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Study of Proposed Mandatory Health Insurance for Contraceptive Services

Report No.  93-27

Summary

Senate Concurrent Resolution No. 8, Senate Draft 1, House Draft 2 of the Regular Session of 1993 requested the State Auditor to assess the social and financial impacts of mandated health insurance coverage for contraceptive services.  To guide the assessment, we were referred to House Bill No. 99 of 1993.  With some exceptions, the bill would require health insurance policies to provide coverage for any service related to contraception procedures that is within the lawful scope of practice of any practitioner licensed to practice medicine.  This includes the supplying of any type of contraceptive device.

Contraceptive services are designed to prevent unintended pregnancy.  They may include education and counseling on the effective use of a wide variety of contraceptive methods.  Contraceptive methods prescribed by physicians may be irreversible or reversible .  Over-the-counter contraceptives do not require a prescription and are reversible.

Inadequate data are available on the utilization, benefits, and costs of privately insured contraceptive services.  We found that federally qualified health maintenance organizations in Hawaii are required by federal law to cover a broad range of family planning services.  Fee-for-service plans, such as the basic group plan of the Hawaii Medical Service Association (HMSA), and indemnity plans offered by commercial insurers, cover some family planning services.  For example, HMSA does not explicitly cover contraceptive services in its basic group plan nor does it cover contraceptive drugs and devices in its drug plan.  But HMSA does pay for "office visits" that could include visits to get a prescription for contraceptives.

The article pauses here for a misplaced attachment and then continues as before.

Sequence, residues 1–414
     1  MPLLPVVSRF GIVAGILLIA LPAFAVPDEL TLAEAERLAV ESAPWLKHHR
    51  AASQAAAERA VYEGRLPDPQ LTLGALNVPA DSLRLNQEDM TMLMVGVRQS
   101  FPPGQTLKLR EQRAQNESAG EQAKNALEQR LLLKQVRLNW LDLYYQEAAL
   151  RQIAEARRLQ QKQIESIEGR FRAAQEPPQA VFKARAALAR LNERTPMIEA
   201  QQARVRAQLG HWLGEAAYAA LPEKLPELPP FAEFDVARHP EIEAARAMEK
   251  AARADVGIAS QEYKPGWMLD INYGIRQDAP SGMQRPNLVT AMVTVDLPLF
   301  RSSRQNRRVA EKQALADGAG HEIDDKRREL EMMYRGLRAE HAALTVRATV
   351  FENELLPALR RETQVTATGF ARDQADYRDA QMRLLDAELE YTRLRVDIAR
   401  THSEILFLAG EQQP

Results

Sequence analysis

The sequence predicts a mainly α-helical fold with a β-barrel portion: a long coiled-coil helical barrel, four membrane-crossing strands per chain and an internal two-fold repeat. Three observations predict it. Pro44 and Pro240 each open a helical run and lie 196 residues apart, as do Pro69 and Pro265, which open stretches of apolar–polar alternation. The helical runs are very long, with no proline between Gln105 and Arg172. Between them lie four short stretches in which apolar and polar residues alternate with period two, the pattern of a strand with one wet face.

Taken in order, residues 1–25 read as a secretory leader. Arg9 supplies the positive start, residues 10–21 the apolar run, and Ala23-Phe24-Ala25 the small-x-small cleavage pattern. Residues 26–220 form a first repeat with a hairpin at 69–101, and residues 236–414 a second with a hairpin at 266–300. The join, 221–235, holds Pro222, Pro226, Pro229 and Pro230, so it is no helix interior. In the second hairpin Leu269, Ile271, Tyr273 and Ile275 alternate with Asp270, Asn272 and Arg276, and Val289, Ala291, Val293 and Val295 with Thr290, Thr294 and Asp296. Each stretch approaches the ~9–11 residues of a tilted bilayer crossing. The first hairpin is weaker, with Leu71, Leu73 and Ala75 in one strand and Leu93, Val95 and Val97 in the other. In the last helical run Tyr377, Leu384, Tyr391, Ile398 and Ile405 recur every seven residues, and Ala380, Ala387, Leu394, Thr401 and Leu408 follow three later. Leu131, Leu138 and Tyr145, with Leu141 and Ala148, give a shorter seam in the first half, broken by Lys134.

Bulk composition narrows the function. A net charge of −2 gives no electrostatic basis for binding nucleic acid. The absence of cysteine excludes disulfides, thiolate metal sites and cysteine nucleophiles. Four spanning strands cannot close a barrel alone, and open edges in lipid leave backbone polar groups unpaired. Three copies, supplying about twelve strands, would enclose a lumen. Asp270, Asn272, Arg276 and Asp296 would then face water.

We assessed House Bill No.  99 and concluded that it should encourage the use of contraceptive services among those for whom cost is a barrier.  However, the bill describes the coverage only in general and vague terms.  It is not clear whether both prescription and nonprescription procedures, both reversible and irreversible methods, and both surgical and nonsurgical procedures are included.  The meaning of "any type of contraceptive device" is not explained.

We concluded that because of insufficient data and the vagueness of the legislative proposal, we could not fully assess what the impact of mandated contraceptive services might be.  We found little evidence that inadequate coverage for contraceptive services has resulted in lack of services or in financial hardship.  Inadequate coverage, however, could be a barrier to the contraceptive service of choice.  The evidence strongly suggests that mandating coverage for contraceptive services could reduce the cost of health care.

We do not believe that the Legislature should mandate insurance coverage for contraceptive services at this time.  It would be best to see what kind of federal health care package will be enacted.

Response

The Department of Health says that our report should have included the benefits of increasing access to contraceptive services.  In fact, we did so.  The department disagrees that the State should wait to see what kind of federal health care package should be enacted.  However, we believe this is the most prudent course of action.


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